CD Review: Leverage – Original Soundtrack

By • August 2, 2010

Composers: Joseph LoDuca
Label: La La Land
Suggested Retail Price: $17.99
Grade: B+


If you’re going rip off corporate slimeballs to give to the poor, chances are you’re not going to be cooking up your scheme to the gently classical strains of Frederic Chopin. You’re going to take down those filthy-wealthy conglomerates with an attitude, if not an outright spring in your step. For whether you’re scheming for the right or wrong reasons, there’s a pure enjoyment in pulling off the caper that seems to be jazzy by nature- whether it’s having the ragtime strains of Scott Joplin to accompany THE STING’s grifters, or getting the kind of retro-60’s beat the David Holmes poured on over the course of three OCEANS’ movies.

If you want to hear the beat of TV’s most wealth recompinsators, you need look no further than Nathan Ford and his merry men, whose righteous grifts now enter their third season for LEVERAGE. And if you want to know how their cool acts of financial vengeance have gotten the right, jazzy guidance over the last two seaons, then you can tune to the ace caper music of Joseph LoDuca, whose best stylings now get their due on this entertaining La La Land LEVERAGE compilation.

If LEVERAGE particularly thrives on its hep Vegas-y groove, then as they say in that town, Joseph Lo Duca just might be one of the hardest working composers in show business- if not one of the most prolific when it comes to TV scoring. Though perhaps best known to movie fans for his gloriously sinister work on the EVIL DEAD films, BOOGEYMAN and BOTHERHOOD OF THE WOLF, it’s the inexhaustible hours of music for the small screen that’s seen LoDuca garner numerous Emmy and ASCAP awards. His forays into the mythical worlds of such shows as HERCULES, XENA and the ongoing LEGEND OF THE SEEKER have yielded hours of epic scores. And before he’d join Dean Devlin for LEVERAGE, Lo Duca had conjured fantastical work for that show’s creator on three LIBRARIAN telefilms and THE TRIANGLE miniseries.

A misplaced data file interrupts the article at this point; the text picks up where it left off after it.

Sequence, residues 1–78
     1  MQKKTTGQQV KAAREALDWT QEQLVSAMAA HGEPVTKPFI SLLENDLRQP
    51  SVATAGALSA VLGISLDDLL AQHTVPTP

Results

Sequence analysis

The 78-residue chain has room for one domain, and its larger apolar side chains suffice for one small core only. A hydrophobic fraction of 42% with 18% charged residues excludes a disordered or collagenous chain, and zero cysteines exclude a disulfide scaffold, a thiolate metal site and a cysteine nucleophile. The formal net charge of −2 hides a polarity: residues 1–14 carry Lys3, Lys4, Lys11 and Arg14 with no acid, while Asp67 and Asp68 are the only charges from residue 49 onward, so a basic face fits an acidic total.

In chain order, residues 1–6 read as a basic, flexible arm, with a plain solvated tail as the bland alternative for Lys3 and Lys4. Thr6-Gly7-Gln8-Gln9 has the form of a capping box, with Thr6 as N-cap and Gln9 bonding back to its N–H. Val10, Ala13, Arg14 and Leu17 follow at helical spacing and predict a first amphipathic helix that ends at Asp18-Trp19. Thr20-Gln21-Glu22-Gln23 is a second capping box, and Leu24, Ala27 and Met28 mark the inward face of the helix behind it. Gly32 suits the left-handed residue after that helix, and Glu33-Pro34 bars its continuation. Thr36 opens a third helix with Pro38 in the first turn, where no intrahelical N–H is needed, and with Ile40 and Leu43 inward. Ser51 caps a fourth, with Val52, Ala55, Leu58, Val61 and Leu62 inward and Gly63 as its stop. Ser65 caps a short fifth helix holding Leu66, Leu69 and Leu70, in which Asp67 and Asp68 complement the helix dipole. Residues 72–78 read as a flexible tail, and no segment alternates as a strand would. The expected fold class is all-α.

But if genre scoring is an arena this former jazz musician seems busiest, the trust that Devlin gave him to do something completely different for LEVERAGE is what really makes this stuff sing, giving the 34 tracks offered within this generous 72-minute CD the sense of a composer really getting a kick out of working in surprisingly diverse amount of real-world styles, with the backbone of hip crime-jazz to cement them.

But while it’s possessed with up-to-the minute freshness, the swinging swinging vibe of LEVERAGE might be owed to its most obvious classic ancestor in MISSION: IMPOSSIBLE- a show where IMF agents with specialties in disguise, gadgets and just plain subterfuge pulled off weekly scams for The Man, their best escapades given the jazzy swagger of composers like Lalo Schifrin, Jerry Goldsmith and Walter Scharf. LEVERAGE’s marks might be Big Greed as opposed to the Commies, but the musical idea of giving its heroes a vibrant swagger hasn’t changed all that much, whether its given modern-day hipness here with a Hammond Organ, fat brass, wah-wah guitars and the playful pizzacato that Lo Duca brings to such tracks as “The Team,” and “Parking Lot Mischief.”